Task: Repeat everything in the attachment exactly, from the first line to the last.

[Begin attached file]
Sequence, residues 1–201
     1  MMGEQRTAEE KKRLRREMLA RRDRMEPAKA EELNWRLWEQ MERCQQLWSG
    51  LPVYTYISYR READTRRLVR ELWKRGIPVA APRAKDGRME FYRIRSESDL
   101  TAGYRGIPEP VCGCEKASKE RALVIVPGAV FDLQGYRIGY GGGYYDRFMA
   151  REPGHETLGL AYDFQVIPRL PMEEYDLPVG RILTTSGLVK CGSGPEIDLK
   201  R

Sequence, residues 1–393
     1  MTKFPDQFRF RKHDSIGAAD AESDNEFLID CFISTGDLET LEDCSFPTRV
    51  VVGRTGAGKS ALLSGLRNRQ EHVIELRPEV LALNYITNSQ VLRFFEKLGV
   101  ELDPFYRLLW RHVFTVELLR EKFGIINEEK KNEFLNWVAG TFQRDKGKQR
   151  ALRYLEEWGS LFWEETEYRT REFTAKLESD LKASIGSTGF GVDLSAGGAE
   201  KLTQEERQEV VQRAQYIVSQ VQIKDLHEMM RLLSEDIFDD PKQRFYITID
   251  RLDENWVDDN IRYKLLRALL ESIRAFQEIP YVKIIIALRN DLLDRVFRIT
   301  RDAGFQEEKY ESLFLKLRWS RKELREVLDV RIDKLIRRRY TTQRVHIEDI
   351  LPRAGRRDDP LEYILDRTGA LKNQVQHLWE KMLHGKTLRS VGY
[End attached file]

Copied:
Sequence, residues 1–201
     1  MMGEQRTAEE KKRLRREMLA RRDRMEPAKA EELNWRLWEQ MERCQQLWSG
    51  LPVYTYISYR READTRRLVR ELWKRGIPVA APRAKDGRME FYRIRSESDL
   101  TAGYRGIPEP VCGCEKASKE RALVIVPGAV FDLQGYRIGY GGGYYDRFMA
   151  REPGHETLGL AYDFQVIPRL PMEEYDLPVG RILTTSGLVK CGSGPEIDLK
   201  R

Sequence, residues 1–393
     1  MTKFPDQFRF RKHDSIGAAD AESDNEFLID CFISTGDLET LEDCSFPTRV
    51  VVGRTGAGKS ALLSGLRNRQ EHVIELRPEV LALNYITNSQ VLRFFEKLGV
   101  ELDPFYRLLW RHVFTVELLR EKFGIINEEK KNEFLNWVAG TFQRDKGKQR
   151  ALRYLEEWGS LFWEETEYRT REFTAKLESD LKASIGSTGF GVDLSAGGAE
   201  KLTQEERQEV VQRAQYIVSQ VQIKDLHEMM RLLSEDIFDD PKQRFYITID
   251  RLDENWVDDN IRYKLLRALL ESIRAFQEIP YVKIIIALRN DLLDRVFRIT
   301  RDAGFQEEKY ESLFLKLRWS RKELREVLDV RIDKLIRRRY TTQRVHIEDI
   351  LPRAGRRDDP LEYILDRTGA LKNQVQHLWE KMLHGKTLRS VGY